Friday, March 19, 2010


Integral to Blake's myth is the idea that entering the material world, the world of generation, is a mercy provided so that man may be regenerated through forgiveness and annihilation. Entering the material requires that a spectre must receive a garment or body to clothe him in the world of generation. Just as Jesus was clothed in a body when he came to earth, so are all who descend from Eternity. Thel refused to enter the material world, Milton and Ololon voluntarily leave Eternity and descend in order to heal unhealed wounds. Blake uses the image of the weaver to describe the process of providing bodies for those naked souls who enter the world of "joy and woe."

Here is a painting which Blake made for Blair's The Grave, said to have been rediscovered in 2001.
It is a perfect illustration for Enitharmon's work as described in The Four Zoas.

Our Time is Fix'd, and All Our Days Are Numbered

Four Zoas, Night the Eighth, Page 100, (E 372):
"Then Enitharmon erected Looms in Lubans Gate
And calld the Looms Cathedron in these Looms She wove
the Spectres
Bodies of Vegetation Singing lulling Cadences to drive away
Despair from the poor wandering spectres and Los loved them
With a parental love for the Divine hand was upon him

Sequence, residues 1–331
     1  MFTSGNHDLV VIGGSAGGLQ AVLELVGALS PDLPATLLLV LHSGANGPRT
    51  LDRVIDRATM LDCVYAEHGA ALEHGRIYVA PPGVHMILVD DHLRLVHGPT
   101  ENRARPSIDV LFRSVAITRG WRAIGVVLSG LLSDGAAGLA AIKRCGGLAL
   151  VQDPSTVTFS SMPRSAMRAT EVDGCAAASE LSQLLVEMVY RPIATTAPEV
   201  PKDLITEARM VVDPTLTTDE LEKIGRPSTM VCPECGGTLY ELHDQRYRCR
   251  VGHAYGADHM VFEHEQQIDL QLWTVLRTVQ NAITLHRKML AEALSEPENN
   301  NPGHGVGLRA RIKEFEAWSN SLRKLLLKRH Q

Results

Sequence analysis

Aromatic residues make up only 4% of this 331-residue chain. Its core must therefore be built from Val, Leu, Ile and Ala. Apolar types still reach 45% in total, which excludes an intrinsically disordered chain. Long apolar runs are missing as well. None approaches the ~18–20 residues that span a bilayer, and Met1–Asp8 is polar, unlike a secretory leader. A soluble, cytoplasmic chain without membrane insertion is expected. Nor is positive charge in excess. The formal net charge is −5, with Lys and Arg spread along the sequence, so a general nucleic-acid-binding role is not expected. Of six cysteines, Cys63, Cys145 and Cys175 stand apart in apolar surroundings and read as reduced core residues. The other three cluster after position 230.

And upon Enitharmon & the Divine Countenance shone
In Golgonooza Looking down the Daughters of Beulah saw
With joy the bright Light & in it a Human form
And knew he was the Saviour Even Jesus & they worshipped

Astonishd Comforted Delighted in notes of Rapturous Extacy
All Beulah stood astonishd Looking down to Eternal Death
They saw the Saviour beyond the Pit of death & destruction
For whether they lookd upward they saw the Divine Vision
Or whether they lookd downward still they saw the Divine Vision
Surrounding them on all sides beyond sin & death & hell

Enitharmon wove in tears singing Songs of Lamentation
And pitying comfort as she sighd forth on the wind the Spectres
Also the Vegetated bodies which Enitharmon wove"

Enitharmon and the lovely 'Daughters of Beulah' assisting her in the picture reflect the two prospects for the souls being vegetated: that they may go 'weeping in the evening dew' and 'that they may learn to bear the beams of love'. The weavers exhibit the quiet joy of accomplishing merciful work.

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